Early numbers are in for Justin Bieber's latest album, "Believe" -- and they're very good. Keith Caulfield at Billboard projected that the album would sell between 400,000 and 500,000 copies in its first week, making it the best album debut of 2012.
But just how much money will Bieber make off those sales? And how does that money fit in with the wider business of Bieber? After all, it's widely known that, these days, most pop stars of Bieber's ilk make the majority of their money by touring, selling merchandise and licensing their image to consumer brands like Macy's.
"Recorded music has essentially become the vehicle for branding and sponsorships and licensing incoming," industry veteran Kim Buie, head of A&R at Thirty Tigers in Nashville, told The Huffington Post.
Indeed, according to Forbes, Bieber sold $150 million in concert tickets, and $60 million in fragrance, in 2011 alone. There's no way for an album -- except maybe Adele's "21" -- to compete with that.
Still, the biggest debuting album of the year is sure to make a bundle of money. So HuffPost Entertainment consulted with music industry experts to approximate just how big that bundle might be.
To start off, we gave a rough estimate of how many more albums Bieber will sell in coming weeks. Some albums -- like Lady Gaga's "Born This Way" -- sell almost half their copies in the first week, while others -- including "21" -- are on slow burn, continuing to sell well for months and months after their release. Bieber's past albums have fallen somewhere in between these two extremes. So we decided to play it relatively safe and guess that this week will represent about a third of the total sales of "Believe." That would the total domestic sales of the full around 1.5 million.
One facet of his proceeds is relatively easy to pin down: the publishing royalties Bieber is due as a co-writer on each of the songs on the album. Together, all the songwriters get about $1 per album sold. Most songs have about four co-writers, so Bieber is entitled to about a quarter of that revenue. So Bieber should wind up with approximately $375,000 in publishing royalties on sales of the entire album.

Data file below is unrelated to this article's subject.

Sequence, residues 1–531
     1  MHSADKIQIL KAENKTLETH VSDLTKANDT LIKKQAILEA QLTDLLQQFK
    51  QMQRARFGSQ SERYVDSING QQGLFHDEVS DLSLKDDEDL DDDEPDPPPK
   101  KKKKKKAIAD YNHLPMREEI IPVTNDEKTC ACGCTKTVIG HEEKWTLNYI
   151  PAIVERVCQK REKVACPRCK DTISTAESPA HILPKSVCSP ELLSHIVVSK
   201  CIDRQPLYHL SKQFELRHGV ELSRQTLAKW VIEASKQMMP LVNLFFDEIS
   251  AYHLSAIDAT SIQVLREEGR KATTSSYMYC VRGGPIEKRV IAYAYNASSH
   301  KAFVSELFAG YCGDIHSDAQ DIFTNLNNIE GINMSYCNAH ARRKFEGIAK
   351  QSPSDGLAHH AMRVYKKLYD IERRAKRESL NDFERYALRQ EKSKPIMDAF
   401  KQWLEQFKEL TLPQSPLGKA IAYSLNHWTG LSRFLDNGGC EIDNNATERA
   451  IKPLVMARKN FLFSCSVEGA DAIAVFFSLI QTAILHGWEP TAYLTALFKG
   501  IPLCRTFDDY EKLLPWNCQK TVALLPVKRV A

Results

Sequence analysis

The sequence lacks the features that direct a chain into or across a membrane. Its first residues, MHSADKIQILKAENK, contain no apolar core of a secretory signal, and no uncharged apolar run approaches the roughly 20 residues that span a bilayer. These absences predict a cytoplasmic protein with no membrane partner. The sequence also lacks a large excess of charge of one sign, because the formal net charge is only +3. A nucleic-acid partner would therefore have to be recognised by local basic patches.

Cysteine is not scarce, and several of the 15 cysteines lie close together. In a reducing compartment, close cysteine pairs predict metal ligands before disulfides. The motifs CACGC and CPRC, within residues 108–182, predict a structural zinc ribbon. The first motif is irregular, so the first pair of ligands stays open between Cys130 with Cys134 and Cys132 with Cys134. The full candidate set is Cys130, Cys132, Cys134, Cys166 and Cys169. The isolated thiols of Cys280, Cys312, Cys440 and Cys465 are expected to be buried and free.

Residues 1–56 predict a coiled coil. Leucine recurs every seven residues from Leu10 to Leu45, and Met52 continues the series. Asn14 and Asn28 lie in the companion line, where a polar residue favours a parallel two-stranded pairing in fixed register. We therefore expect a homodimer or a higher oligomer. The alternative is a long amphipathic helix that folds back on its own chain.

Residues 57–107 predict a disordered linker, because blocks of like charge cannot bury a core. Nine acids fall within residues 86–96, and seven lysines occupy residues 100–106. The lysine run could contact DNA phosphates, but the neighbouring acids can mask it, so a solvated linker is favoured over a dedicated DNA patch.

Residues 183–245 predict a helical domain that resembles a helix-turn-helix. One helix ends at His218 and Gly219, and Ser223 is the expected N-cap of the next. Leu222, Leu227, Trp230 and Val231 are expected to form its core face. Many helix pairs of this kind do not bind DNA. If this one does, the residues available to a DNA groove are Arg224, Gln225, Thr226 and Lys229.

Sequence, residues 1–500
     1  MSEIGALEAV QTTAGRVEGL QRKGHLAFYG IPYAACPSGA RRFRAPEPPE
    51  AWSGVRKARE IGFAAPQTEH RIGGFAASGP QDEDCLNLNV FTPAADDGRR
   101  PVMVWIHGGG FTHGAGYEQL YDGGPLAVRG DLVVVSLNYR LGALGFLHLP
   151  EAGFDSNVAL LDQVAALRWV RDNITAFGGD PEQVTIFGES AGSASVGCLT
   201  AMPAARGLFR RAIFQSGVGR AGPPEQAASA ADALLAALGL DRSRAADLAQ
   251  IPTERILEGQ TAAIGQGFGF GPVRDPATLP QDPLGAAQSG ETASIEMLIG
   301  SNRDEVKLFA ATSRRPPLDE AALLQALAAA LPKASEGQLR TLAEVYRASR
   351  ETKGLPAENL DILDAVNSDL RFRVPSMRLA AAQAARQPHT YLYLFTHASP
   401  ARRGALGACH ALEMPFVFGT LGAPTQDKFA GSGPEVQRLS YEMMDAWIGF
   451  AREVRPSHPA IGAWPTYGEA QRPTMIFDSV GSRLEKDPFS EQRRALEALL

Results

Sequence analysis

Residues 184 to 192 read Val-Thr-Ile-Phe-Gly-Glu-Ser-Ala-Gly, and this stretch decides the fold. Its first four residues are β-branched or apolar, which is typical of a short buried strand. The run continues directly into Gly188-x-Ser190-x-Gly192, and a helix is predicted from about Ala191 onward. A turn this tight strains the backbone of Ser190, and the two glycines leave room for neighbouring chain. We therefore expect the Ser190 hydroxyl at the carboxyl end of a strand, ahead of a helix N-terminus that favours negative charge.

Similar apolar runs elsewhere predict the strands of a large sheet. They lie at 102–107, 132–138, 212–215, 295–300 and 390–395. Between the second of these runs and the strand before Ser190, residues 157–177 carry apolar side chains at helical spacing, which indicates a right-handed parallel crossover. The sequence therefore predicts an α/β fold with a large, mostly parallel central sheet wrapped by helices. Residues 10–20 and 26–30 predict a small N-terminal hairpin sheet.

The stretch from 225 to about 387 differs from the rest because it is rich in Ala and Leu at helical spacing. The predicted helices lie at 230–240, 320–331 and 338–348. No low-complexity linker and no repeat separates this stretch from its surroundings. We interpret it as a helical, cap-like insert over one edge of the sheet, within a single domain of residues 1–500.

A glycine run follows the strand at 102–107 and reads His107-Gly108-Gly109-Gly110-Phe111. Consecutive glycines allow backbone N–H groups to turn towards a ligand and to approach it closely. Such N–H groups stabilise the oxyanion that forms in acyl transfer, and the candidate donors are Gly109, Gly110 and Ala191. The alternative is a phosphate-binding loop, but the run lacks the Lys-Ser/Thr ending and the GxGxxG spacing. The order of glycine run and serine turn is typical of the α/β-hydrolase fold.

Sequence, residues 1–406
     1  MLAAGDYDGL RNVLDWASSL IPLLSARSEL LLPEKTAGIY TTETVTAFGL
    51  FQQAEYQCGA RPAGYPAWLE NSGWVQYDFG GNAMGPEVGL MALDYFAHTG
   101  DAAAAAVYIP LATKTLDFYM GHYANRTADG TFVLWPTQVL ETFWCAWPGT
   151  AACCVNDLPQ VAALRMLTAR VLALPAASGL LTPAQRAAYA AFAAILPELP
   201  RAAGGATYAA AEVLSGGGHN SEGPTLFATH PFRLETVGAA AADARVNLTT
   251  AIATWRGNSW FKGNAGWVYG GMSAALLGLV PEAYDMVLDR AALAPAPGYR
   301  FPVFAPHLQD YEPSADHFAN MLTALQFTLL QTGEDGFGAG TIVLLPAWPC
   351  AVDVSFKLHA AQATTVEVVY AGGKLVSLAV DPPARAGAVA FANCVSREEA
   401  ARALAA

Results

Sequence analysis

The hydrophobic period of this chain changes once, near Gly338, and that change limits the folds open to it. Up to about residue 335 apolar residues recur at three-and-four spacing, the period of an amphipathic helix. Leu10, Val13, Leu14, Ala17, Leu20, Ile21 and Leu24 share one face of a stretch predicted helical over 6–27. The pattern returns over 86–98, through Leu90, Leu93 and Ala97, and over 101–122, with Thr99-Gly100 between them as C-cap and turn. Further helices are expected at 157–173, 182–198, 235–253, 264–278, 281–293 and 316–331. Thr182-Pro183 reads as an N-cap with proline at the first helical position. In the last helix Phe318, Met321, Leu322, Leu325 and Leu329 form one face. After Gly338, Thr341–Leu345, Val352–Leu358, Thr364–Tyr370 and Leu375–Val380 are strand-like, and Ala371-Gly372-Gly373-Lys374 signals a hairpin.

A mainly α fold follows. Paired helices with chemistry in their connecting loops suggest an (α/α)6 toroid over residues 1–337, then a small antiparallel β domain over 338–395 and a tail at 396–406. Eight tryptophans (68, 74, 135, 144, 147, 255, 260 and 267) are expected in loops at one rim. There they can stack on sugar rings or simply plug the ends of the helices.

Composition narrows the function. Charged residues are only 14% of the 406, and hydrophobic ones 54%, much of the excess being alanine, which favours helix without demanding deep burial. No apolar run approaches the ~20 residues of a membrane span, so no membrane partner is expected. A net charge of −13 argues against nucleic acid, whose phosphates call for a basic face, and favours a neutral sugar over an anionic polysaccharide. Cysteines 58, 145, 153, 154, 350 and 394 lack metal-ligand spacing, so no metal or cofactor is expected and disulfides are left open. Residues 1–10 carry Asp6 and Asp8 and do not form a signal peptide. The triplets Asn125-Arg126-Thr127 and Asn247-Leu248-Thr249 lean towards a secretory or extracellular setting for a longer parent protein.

Once you move on to Bieber's payment as a performing artists, things get complicated. These figures depend heavily on the nature of his deal with his label, Island Def Jam Records. And our anonymous sources could only guess what his deal might be. One big question mark involves the percentage of marketing costs for the album Bieber is required to recoup -- if the label spent a lot marketing "Believe," and it requires Bieber to repay them for that, he could conceivably make almost nothing as a recording artist.
But that's not likely. Assuming that Bieber has to recoup a moderate amount of the label's outlay, he should start earning royalties after selling between 400,000 and 800,000 copies of "Believe." A typical artist makes royalties of between 10 and 15 percent of album revenue, though Prince and Madonna made headlines when it was announced that they commanded a 20 percent royalty. We're going to assume that Bieber is somewhere in between those two extremes, and commands an 18 percent royalty. If that's the case, he should make between $1 million and $2 million as a recording artist off the whole US run of the record.
That brings his total income from album sales to between $1.4 million and $2.4 million.
From there, the biggest variable is singles. A hit single like "Boyfriend," which gets lots of radio play and also sells millions of copies on iTunes, could easily add $1 million to Bieber's total revenue on the album. About six of the songs on the album, including "Boyfriend," look like they could make plausible singles. Not all of them will necessarily be huge hits -- but it still looks likely that Bieber would make at least $4 million or $5 million on sales and radio revenue from singles.
Tally it all up, and domestic sales of "Believe" and its singles could net between $5 and $7 million for Bieber -- not bad for an 18-year-old!
Related on HuffPost:
SUBSCRIBE AND FOLLOW
Get top stories and blog posts emailed to me each day. Newsletters may offer personalized content or advertisements.Learn more